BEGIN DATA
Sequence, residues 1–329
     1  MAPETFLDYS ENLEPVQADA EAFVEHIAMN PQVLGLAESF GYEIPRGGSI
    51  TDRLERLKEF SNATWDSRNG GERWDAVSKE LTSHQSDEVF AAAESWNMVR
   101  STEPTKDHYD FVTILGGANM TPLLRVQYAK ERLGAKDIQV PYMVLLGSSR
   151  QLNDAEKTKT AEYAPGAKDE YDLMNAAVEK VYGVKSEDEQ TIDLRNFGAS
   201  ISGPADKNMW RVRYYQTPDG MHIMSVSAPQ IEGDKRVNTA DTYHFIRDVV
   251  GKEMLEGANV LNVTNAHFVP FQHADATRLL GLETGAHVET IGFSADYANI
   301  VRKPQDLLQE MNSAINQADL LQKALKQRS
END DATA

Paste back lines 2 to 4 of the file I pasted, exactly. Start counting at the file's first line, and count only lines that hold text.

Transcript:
     1  MAPETFLDYS ENLEPVQADA EAFVEHIAMN PQVLGLAESF GYEIPRGGSI
    51  TDRLERLKEF SNATWDSRNG GERWDAVSKE LTSHQSDEVF AAAESWNMVR
   101  STEPTKDHYD FVTILGGANM TPLLRVQYAK ERLGAKDIQV PYMVLLGSSR